Maid Freed from the Gallows, The [Child 95]

DESCRIPTION: A (woman) is about to be hanged. If she could pay her fee, she would be freed. One by one, father, brother, (and other family members) come to see her hanged, refusing to ransom her. Then her sweetheart arrives to rescue her
AUTHOR: unknown
EARLIEST DATE: 1770 (Percy collection, according to Child)
KEYWORDS: execution love rescue
FOUND IN: Britain(Scotland,England(North,South,West)) US(Ap,MA,MW,NE,SE,So,SW) West Indies(Bahamas,Jamaica)
REFERENCES (74 citations):
Child 95, "The Maid Freed from the Gallows" (11 texts, 1 tune) {Bronson's #5}
Bronson 95, "The Maid Freed from the Gallows" (68 versions+2 in addenda, but the last four main entries are "Gallows" [Laws L11], and some of the fragments may be also)
BronsonSinging 95, "The Maid Freed from the Gallows" (8 versions: #1, #4, #17, #23, #33, #39.1, #49, #61)
GreigDuncan2 248, "The Maid Freed from the Gallows" (1 fragment)
Williams-Thames, pp. 281-282, "The Prickly Bush"; Williams-Thames, p. 283, "The Prickly Brier" (1 text plus a fragment) (also Wiltshire-WSRO Wt 498; Wiltshire-WSRO Ox 218, "Prickly Brier")
Cologne/Morrison, pp. 24-25, "The Prick'ty Bush" (1 text, 1 tune) {Bronson's #19}
Reeves-Circle 87, "The Maid Freed from the Gallows" (1 text)
Palmer-ECS, "The Prickle Holly Bush" (1 text, 1 tune)
BarryEckstormSmyth pp. 206-213, "The Maid Freed from the Gallows" (4 texts plus assorted folktale versions)
Flanders-Ancient3, pp. 15-41, "The Maid Freed from the Gallows" (8 texts plus a fragment, 8 tunes, but of the texts, only "A," "B1," and "B2" are 'The Maid Freed" [Child 95]; the remaining six are "Gallows" [Laws L11]
ThompsonNewYork, p. 397, "(Hangman, hangman, hold the rope)" (1 text)
Belden, pp. 66-67, "The Maid Freed from the Gallows" (1 text, 1 tune) {Bronson's #54}
Randolph 24, "Hold Your Hands, Old Man" (5 texts plus a fragment, 4 tunes) {A=Bronson's #41, D=#61, E=#12, F=#50}
Randolph/Cohen, pp. 45-47, "Hold Your Hands, Old Man" (1 text, 1 tune -- Randolph's 24E) {Bronson's #12}
AbrahamsRiddle, pp. 110-111, "Hangman on the Gallows Tree" (1 text, 1 tune)
Arnold pp. 68-69, "The Miller's Daughter" (1 text, 1 tune) {Bronson's #56}
Eddy 18, "The Maid Freed from the Gallows" (2 texts, 1 tune) {Bronson's #28}
Grimes, pp. 116-117, "Hangman" (1 text)
Gardner/Chickering 50, "The Golden Ball" (1 text, 1 tune) {Bronson's #22}
Davis-Ballads 95, "The Maid Freed from the Gallows" (24 texts plus a fragment, 5 tunes plus a variant entitles "Maid Freed from the Gallows," "The Hangerman's Tree, or Freed from the Gallos," "The Maid Saved," "Hangsman"; 9 more versions mentioned in Appendix A) {Bronson's #9, #26, #42, #46, #40}
Davis-More 29, pp. 221-228, "The Maid Freed from the Gallows" (3 texts plus a fragment, 2 tunes; the two longest texts, AA and DD, both contain floating material, in the case of "D" probably from "Ten Thousand Miles Away from Home (A Wild and Reckless Hobo; The Railroad Bum)" [Laws H2])
BrownII 30, "The Maid Freed from the Gallows" (4 texts, 5 excerpts, 1 fragment, plus mention of two more, as well as one mixed text, M, probably a combination of this with "Ten Thousand Miles Away from Home (A Wild and Reckless Hobo; The Railroad Bum)" [Laws H2])
BrownSchinhanIV 30, "The Maid Freed from the Gallows" (8 excerpts plus mention of 1 more, 8 tunes)
Chappell-FSRA 15, "Maid Freed from the Gallows" (1 text, 1 tune) {Bronson's #34}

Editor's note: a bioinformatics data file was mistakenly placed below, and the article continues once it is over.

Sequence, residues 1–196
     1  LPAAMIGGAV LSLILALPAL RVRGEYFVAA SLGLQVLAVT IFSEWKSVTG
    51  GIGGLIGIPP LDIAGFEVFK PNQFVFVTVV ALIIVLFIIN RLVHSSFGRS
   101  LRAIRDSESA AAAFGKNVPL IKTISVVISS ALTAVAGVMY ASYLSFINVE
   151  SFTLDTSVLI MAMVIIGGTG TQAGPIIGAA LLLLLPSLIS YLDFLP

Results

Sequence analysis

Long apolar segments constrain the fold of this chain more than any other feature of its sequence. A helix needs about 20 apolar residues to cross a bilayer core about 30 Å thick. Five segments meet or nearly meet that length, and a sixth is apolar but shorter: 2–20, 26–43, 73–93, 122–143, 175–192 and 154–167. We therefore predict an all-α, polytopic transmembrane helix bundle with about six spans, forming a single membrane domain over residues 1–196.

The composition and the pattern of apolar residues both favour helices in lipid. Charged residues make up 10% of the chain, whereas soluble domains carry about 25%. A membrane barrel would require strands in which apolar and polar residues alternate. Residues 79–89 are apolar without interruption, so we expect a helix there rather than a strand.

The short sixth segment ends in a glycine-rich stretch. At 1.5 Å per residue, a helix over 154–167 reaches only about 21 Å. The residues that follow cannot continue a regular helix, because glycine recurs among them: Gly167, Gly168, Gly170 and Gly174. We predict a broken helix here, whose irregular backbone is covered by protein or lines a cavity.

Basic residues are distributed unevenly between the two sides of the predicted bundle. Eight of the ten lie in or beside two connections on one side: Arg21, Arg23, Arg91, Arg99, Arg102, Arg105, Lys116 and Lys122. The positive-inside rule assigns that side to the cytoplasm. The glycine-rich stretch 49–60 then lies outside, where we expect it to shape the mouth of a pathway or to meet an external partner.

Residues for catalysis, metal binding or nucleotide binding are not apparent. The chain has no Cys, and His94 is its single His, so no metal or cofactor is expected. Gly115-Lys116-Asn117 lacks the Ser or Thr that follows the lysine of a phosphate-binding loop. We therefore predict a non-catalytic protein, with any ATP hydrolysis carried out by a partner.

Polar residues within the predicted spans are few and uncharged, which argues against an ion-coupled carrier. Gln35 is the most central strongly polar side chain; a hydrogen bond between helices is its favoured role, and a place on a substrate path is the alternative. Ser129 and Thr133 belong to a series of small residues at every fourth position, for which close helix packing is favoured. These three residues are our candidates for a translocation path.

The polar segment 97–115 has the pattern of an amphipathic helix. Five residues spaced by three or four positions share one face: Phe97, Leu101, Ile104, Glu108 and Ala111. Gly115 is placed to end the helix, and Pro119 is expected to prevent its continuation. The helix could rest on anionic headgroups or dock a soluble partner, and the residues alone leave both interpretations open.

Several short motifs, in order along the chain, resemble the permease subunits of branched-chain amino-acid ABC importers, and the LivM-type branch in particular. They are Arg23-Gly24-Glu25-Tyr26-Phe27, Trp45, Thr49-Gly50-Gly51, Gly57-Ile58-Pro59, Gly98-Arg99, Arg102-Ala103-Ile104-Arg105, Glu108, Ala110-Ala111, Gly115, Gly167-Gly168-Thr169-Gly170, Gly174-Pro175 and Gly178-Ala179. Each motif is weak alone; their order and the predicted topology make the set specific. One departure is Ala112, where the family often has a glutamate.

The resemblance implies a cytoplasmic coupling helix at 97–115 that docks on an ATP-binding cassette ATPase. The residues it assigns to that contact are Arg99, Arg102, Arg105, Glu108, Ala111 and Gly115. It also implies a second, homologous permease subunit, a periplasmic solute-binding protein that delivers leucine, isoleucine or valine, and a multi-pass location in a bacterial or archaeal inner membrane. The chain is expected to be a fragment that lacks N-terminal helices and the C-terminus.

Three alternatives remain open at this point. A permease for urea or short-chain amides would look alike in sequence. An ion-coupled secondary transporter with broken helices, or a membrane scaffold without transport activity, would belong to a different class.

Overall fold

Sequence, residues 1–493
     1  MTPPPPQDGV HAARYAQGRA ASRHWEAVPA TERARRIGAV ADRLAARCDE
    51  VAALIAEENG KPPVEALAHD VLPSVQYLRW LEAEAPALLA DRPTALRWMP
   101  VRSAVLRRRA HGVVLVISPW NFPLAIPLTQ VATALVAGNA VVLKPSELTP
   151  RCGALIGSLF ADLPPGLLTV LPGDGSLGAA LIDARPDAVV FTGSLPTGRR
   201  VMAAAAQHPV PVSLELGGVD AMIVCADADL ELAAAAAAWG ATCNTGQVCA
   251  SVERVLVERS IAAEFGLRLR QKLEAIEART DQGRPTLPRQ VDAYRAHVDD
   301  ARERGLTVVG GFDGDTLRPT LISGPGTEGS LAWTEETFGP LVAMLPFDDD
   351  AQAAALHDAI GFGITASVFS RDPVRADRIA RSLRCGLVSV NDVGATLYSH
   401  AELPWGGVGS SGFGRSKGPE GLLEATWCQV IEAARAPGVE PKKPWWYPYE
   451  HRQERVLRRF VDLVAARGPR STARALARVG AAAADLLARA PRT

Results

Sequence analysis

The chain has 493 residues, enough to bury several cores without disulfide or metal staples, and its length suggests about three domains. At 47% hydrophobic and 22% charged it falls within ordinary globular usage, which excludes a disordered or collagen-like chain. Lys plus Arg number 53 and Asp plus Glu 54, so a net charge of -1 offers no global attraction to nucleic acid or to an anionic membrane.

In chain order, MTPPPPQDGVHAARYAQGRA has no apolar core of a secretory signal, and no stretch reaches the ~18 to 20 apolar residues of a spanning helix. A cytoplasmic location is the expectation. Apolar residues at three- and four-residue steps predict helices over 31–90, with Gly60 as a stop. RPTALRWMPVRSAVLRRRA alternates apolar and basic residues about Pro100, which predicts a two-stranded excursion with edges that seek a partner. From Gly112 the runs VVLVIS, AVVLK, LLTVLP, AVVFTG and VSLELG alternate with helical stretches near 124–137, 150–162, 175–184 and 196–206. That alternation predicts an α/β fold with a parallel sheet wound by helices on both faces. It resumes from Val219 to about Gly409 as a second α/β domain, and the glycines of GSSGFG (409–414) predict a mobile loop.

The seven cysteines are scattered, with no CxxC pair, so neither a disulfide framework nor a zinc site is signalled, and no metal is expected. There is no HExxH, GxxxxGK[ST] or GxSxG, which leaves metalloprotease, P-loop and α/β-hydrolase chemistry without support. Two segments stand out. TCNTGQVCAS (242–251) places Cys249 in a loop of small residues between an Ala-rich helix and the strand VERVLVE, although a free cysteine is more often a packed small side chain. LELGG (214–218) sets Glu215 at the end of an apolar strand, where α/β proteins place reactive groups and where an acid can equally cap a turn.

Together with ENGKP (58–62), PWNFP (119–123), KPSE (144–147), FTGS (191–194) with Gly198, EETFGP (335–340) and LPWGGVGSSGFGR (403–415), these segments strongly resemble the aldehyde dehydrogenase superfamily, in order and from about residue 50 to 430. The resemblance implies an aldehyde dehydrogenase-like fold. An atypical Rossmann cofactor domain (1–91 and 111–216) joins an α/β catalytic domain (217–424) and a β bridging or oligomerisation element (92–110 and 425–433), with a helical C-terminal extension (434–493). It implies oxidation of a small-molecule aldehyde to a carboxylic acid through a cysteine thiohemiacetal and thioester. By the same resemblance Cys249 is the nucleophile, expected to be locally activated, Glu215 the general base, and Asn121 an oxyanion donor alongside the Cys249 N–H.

ReedSmith, pp. 81-83, "The Maid Freed from the Gallows" (1 text, 1 tune) {Bronson's #5}, with excerpts from several more versions on the following pages; also p. 87, "(The Hangman's Tree)" (1 text plus some excerpts); p. 88, "The Hangman's Tree" (1 text, 1 tune) {Bronson's #48}; pp. 88-89, "(no title)" (1 text plus recitation, 1 tune) {Bronson's #49}; pp. 91-92, "(The Golden Ball)" (1 text, partly prose); p. 93, "The Golden Ball" (1 text, a singing game); #X, pp. 144-147, "The Maid Freed from the Gallows" (2 texts, 1 tune, plus mention of 3 more) {Bronson's #23}
Joyner, p. 27, "The Scarlet Tree" (1 text)
Morris, #163, "The Maid Freed from the Gallows" (4 texts, 1 tune, although the "D" text appears to be a mix of two songs) {Bronson's #16}
Scarborough-NegroFS, pp. 35-42, (no general title; one version is listed as "Hangman, Slack on the Line") (3 texts plus 3 excerpts, 1 tune) {Bronson's #10}
Hudson 17, pp. 111-114, "The Maid Freed from the Gallows" (4 texts plus an excerpt and mention of 1 more; the "D" text is mixed with floating verses from prison songs)
HudsonTunes 19, "The Hangman's Song" (1 fragment, 1 tune) {Bronson's #52}
Scarborough-NegroFS, p. 284, (no title) (1 text)
Scarborough-SongCatcher, pp. 196-200, "The Maid Freed from the Gallows" (2 texts plus an excerpt, with local titles "The Hangman's Son" and "Hangman, Hold Your Rope"; 2 tunes on pp. 408-409) {Bronson's #37, #38}
Moore-Southwest 27A, "The Hangman Tree"; 27B, "The Raspel Pole" (1 text plus 1 fragment, 2 tunes)
Owens-1ed, pp. 45-47, "The Hangman's Rope" (1 text, 1 tune) {Bronson's #7}
Owens-2ed, pp. 26-27, "The Hangman's Rope" (1 text, 1 tune)
Brewster 17, "The Maid Freed from the Gallows" (1 text)
Leach, pp. 295-300, "The Maid Freed from the Gallows" (4 texts)
Leach-Heritage, pp. 24-28, "The Maid Freed from the Gallows," "The Golden Ball" (1 text)
Wyman-Brockway I, p. 44, "The Hangman's Song" (1 text, 1 tune) {Bronson's #35}
Fuson, pp. 113-114, "The Hangman's Song" (1 text, with an introductory verse related to "In the Pines," ending "I have done no hanging crime")
Cambiaire, pp. 15-16, "The Hangman's Song" (1 text)
Friedman, p. 131, "The Maid Freed from the Gallows" (4 texts)
Warner 105, "Hang Man" (1 text, 1 tune)
McNeil-SFB1, pp. 86-87, "Jimmy Loud"; pp. 88-90, "Hangman" (2 texts, 2 tunes)
Roberts, #6, "Hangman" (1 text, 1 tune)
SharpAp 28, "The Maid Freed from the Gallows" (11 texts, most of which appear to be fragments though it's often hard to tell with this song, 11 tunes){Bronson's #30, #33, #9, #42, #6, #25, #58, #31, #39, #32, #15}
Sharp-100E 17, "The Briery Bush" (1 text, 1 tune) {Bronson's #49}
Wells, pp. 115-116, "The Hangman" (1 text, 1 tune)
Broadwood/Maitland, pp. 112-113, "The Prickly Bush" (2 texts, 1 tune)
Reeves-Sharp 61, "Maid Freed from the Gallows" (2 texts)
Niles 39, "The Maid Freed from the Gallows" (2 texts, 2 tunes)
Sharp/Karpeles-80E 14, "The Maid Freed from the Gallows" (1 text, 1 tune) {Bronson's #30}
Sandburg, p. 72, "The Maid Freed from the Gallows" (1 text, 1 tune) {Bronson's #23}; p. 385, "Hangman" (1 short text, 1 tune) {Bronson's #64}
Scott-BoA, pp. 14-15, "The Sycamore Tree"; pp. 207-208, "Hangman, Slack on the Line" (2 texts, 2 tunes)